Friday, October 29, 2010
One way to conquer fear is to exercise courage. Courage isn’t the absence of fear, but the will to act in the face of fear. Someone has pointed out that only cowards say they have no fear. Everyone has fears. The issues in fear are: are we going to allow our fear the power to prevent us from doing what we should? Will our fears restrict what we can and should do in life?
One way to gain courage is to practice. Yes, I said “practice.” You develop your courage muscles by exercising them. The way to practice courage is to get outside your comfort zone. Everyone has a comfort zone—a familiar place where you feel safe and secure. A comfort zone isn’t just a physical location, like a home, but has emotional and behavioral components as well.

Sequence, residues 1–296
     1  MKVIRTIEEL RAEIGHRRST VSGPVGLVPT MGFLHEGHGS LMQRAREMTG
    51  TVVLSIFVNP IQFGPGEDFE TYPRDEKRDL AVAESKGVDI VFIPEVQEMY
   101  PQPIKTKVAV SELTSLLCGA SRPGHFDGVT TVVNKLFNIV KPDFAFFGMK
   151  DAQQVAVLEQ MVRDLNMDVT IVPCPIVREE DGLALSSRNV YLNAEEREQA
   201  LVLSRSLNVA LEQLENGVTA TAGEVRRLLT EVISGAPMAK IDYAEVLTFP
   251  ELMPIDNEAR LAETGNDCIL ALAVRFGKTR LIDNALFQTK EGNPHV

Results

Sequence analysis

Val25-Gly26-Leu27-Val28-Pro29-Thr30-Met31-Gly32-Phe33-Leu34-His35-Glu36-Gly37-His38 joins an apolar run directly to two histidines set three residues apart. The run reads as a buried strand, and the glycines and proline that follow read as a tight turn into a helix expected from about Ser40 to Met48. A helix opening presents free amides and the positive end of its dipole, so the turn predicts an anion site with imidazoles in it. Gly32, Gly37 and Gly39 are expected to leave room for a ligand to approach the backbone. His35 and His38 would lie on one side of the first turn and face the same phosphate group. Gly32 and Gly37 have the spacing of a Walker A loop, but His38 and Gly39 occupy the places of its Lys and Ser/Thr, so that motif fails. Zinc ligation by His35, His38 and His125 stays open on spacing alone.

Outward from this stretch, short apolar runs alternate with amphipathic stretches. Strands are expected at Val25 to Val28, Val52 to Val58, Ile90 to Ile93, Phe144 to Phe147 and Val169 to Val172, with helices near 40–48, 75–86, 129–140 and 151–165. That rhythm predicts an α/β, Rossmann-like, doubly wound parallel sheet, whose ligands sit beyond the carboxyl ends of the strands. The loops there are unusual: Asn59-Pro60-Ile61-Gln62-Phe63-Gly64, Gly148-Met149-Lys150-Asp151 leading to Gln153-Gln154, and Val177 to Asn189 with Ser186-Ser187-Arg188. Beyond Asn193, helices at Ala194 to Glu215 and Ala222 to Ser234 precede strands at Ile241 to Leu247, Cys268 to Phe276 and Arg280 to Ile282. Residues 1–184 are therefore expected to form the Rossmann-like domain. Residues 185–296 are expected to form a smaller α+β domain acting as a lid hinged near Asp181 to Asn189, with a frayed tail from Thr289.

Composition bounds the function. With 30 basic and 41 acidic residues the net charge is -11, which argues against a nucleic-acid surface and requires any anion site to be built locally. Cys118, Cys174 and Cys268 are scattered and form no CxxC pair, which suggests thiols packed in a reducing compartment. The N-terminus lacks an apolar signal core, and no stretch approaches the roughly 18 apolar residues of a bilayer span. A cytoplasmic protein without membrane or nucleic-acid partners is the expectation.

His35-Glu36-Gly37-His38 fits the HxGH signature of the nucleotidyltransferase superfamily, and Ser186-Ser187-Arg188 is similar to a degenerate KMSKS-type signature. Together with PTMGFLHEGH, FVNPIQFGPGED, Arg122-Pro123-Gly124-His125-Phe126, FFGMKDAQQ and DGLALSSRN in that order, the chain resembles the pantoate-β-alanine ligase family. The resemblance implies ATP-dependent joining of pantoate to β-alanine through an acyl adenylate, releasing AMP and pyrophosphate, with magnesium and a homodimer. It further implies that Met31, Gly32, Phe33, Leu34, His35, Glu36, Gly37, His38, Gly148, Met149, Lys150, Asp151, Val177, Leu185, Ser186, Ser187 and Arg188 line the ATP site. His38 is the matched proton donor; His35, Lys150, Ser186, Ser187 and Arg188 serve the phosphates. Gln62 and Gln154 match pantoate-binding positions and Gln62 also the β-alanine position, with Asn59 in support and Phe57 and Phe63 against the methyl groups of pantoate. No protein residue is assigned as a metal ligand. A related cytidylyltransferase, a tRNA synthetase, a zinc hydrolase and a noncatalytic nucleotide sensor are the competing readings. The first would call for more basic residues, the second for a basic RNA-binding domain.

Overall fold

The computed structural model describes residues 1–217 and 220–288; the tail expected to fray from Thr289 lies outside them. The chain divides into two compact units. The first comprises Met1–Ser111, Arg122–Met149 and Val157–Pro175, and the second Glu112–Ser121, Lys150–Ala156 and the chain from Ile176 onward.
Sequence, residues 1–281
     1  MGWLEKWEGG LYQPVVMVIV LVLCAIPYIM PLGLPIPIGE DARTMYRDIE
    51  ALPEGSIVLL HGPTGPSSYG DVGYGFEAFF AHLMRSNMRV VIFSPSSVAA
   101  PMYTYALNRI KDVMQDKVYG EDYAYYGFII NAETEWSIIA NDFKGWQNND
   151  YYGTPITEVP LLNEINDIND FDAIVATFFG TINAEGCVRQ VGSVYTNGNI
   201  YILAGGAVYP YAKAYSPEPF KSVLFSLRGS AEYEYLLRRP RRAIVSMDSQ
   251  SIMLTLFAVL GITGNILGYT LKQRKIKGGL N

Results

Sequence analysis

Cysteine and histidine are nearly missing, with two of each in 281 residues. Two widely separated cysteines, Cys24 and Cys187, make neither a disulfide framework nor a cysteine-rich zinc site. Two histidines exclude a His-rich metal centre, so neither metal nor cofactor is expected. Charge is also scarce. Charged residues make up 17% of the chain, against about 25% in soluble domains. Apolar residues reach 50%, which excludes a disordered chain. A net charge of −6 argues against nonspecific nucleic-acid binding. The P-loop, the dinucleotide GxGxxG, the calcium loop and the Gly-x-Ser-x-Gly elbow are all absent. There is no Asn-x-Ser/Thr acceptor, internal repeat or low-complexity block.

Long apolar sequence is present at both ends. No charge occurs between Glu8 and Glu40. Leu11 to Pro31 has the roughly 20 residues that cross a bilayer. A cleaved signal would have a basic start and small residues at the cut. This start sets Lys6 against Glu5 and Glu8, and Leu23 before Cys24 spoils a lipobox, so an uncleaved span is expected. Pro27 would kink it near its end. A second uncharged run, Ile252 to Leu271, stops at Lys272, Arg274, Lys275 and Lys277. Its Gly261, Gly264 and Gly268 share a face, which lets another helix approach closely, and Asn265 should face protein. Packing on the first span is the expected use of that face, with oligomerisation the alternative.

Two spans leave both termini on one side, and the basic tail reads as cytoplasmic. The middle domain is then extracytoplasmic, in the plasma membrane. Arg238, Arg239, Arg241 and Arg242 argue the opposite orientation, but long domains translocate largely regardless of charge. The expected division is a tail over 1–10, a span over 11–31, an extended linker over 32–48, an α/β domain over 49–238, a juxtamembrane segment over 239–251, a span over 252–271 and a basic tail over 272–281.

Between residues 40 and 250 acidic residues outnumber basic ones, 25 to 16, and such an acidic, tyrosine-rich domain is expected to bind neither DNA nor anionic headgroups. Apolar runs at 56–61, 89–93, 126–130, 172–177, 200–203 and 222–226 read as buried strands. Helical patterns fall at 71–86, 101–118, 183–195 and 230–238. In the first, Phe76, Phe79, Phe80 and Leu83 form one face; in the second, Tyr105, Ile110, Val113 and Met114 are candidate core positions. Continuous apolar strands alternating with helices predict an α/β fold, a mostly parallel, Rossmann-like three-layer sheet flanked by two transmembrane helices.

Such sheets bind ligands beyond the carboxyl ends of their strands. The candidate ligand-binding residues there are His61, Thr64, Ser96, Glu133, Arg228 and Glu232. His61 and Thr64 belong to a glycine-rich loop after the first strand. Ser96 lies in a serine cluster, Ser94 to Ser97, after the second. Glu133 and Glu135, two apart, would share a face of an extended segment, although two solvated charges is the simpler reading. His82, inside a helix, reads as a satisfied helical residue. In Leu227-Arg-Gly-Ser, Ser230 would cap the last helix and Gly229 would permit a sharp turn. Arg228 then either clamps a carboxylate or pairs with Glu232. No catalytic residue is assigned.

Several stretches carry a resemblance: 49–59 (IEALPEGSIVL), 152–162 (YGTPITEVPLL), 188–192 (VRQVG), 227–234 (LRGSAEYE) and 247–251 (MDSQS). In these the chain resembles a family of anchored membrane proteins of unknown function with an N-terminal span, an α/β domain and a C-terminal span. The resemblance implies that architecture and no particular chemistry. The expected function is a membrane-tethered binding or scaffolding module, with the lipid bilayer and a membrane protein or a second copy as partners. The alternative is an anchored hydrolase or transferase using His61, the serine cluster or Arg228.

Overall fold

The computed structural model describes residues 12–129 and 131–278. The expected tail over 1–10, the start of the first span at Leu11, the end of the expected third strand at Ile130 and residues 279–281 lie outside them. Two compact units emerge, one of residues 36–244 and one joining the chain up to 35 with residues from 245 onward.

For example, something outside my comfort zone is going into a room full of strangers and striking up a conversation. In this situation, I tend to become as passive as a wall flower and wait for someone to talk to me. I am envious of extroverts like my wife who find it enjoyable to talk to strangers.
Yet, over the years, I’ve conquered my fear of talking to strangers by simply doing it more. The first few times were difficult, but I got better (and less anxious) the more times I stepped out of my comfort zone and spoke to a stranger. What I discovered is that most of the persons I spoke to were, like me, waiting for someone to speak to them. I’ve had many good and meaningful conversations that I wouldn’t have had if I had stayed firmly planted by the wall.
This is a minor example of getting outside a comfort zone, but it makes the point. When we step outside of our comfort zones enough times, our fear of doing so diminishes and courage is developed.